This High School Football Player Known as ‘The Deep Freezer’ Is an Absolute Unit

by John Jamison

You’ve heard of “The Refrigerator.” But former Chicago Bears legend William Perry isn’t half as cool as “The Deep Freezer.” Granted, John Michael Turner is a high school football player from Ohio, not an NFL star. That doesn’t mean he’s not an ice-cold unit with the ball in his hands, though.

So we don’t know too much about John Michael Turner, aka “The Deep Freezer,” besides the fact that he plays for the Beechcroft High School Cougars of Columbus, Ohio. Well, we also know that there isn’t a high school safety alive that could keep Turner out of the endzone after he’s built up a head of steam at the 1-yard line.

Take a look at Outsider’s tweet and decide for yourself if this is someone you’d want to tackle.

Yeah. Good call. We have no interest in tackling him either. But the goal line strategy is brilliant. Utilizing “The Deep Freezer” in this way is reminiscent of the mid-1980s NFL. Bill Walsh, head coach of the San Francisco 49ers, was one of the first to start handing the ball off to big linemen in short-yardage situations. It didn’t take long for Mike Ditka of the Chicago Bears to catch on.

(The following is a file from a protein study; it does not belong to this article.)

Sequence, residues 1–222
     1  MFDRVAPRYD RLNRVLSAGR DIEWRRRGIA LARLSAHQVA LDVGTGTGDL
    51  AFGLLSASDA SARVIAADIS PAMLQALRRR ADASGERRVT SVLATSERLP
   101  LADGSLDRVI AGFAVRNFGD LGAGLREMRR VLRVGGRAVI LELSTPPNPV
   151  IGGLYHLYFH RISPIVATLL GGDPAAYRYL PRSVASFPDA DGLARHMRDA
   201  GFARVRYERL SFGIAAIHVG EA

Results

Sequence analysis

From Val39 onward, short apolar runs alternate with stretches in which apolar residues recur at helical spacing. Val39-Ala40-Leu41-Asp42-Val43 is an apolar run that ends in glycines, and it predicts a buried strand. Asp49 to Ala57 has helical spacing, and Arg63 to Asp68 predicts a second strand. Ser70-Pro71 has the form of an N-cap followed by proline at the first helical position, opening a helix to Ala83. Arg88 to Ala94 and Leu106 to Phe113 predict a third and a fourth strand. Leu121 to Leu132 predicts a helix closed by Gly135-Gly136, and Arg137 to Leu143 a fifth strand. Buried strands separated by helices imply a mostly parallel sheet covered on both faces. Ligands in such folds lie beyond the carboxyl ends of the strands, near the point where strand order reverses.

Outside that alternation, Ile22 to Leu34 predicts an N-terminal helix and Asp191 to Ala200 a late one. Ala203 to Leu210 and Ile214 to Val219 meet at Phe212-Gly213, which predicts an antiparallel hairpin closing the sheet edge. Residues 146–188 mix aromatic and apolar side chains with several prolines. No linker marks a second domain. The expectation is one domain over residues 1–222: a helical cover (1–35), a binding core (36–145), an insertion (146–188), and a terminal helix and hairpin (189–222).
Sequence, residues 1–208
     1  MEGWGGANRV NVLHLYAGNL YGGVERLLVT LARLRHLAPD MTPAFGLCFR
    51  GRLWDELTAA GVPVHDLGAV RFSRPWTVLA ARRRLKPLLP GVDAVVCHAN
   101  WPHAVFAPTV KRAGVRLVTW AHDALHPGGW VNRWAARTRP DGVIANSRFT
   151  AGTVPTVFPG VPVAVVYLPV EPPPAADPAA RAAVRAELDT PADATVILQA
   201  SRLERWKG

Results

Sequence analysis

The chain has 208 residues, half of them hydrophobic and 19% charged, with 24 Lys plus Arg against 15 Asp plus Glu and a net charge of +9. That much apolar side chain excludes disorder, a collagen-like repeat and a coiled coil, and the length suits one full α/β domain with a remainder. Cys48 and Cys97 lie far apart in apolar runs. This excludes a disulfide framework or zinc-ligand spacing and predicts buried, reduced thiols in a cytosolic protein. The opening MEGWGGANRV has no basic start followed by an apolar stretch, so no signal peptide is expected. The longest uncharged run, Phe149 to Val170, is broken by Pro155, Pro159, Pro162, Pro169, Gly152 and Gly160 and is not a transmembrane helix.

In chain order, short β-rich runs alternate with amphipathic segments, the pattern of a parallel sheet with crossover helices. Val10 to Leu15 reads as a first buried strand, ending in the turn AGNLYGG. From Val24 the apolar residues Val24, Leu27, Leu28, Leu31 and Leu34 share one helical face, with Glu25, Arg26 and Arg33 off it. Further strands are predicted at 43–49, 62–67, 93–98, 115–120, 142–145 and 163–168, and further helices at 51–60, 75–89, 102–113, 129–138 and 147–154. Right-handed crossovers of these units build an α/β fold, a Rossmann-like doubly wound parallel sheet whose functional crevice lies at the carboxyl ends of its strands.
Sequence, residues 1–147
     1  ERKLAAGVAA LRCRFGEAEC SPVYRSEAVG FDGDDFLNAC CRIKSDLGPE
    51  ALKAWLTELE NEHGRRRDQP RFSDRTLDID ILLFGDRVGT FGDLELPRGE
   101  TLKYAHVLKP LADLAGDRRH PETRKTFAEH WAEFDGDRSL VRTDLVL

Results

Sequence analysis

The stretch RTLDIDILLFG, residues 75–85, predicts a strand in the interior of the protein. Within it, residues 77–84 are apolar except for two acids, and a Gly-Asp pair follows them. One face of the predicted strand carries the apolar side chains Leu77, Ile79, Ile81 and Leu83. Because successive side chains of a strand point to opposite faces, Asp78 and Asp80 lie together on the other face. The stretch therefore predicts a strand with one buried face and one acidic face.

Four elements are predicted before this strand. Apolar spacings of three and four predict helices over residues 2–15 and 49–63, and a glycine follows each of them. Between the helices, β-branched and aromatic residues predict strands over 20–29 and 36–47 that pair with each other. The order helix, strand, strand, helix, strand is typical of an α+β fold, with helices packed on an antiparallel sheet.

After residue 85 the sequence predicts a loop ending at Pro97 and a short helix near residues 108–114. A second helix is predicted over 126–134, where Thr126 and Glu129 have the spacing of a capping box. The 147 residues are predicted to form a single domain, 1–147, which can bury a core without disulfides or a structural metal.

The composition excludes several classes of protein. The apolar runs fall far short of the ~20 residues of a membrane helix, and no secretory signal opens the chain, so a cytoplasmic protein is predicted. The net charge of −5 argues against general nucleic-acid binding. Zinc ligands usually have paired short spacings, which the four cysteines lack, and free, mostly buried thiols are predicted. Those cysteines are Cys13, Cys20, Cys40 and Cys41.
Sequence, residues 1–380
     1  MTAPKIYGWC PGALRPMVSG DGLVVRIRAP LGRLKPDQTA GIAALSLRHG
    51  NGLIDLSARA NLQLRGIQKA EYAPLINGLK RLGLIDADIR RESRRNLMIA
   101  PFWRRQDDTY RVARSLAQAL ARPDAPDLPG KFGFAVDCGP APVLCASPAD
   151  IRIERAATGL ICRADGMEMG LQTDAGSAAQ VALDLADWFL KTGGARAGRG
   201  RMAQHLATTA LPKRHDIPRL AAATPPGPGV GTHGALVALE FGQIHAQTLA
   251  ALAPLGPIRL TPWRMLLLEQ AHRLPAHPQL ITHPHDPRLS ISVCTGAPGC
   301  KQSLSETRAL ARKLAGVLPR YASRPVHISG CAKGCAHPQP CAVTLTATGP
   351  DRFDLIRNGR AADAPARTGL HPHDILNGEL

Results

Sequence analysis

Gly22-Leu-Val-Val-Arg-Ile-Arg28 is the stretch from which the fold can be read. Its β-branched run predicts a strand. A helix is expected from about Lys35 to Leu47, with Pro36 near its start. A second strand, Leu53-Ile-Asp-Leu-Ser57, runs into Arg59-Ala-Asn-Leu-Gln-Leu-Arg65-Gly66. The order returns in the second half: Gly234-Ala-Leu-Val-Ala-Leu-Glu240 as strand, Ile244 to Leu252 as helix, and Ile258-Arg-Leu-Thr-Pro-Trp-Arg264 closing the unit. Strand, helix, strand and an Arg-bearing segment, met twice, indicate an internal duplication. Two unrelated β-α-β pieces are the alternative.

Soon, big men were doing touchdown celebrations across the league. But none of them are remotely as recognizable as the Bears’ William “The Refrigerator” Perry. Like John Michael Turner, Perry was a defensive lineman. According to the NFL, he became the first 300+ pound player to score a rushing touchdown.

So there you have it. Beechcroft’s “Deep Freezer” comes from a proud tradition of big men playing smash-mouth football with the ball in their hands.

The Beauty of Sportsmanship in High School Football

What we wouldn’t give for another chance to strap up and take the field on Friday night in the fall. Of course, not everyone played high school football. But if your school had a program, chances are you found yourself sitting in the bleachers on many a Friday night or Saturday morning. The nostalgia can be overwhelming at times.

And one young player from Iowa is making it impossible not to be even more romantic about the sport. Mario Hoefer recently took it upon himself to help an opposing player work out a cramp mid-game.

“I knew exactly how that felt. My first reaction was, ‘Okay there’s no trainers over here yet.’ So I’m about to help stretch him out. I did that for a bit and waited for the trainers to come over,” Hoefer told the Globe-Gazette.

A picture of the moment quickly went viral, inspiring people across the internet.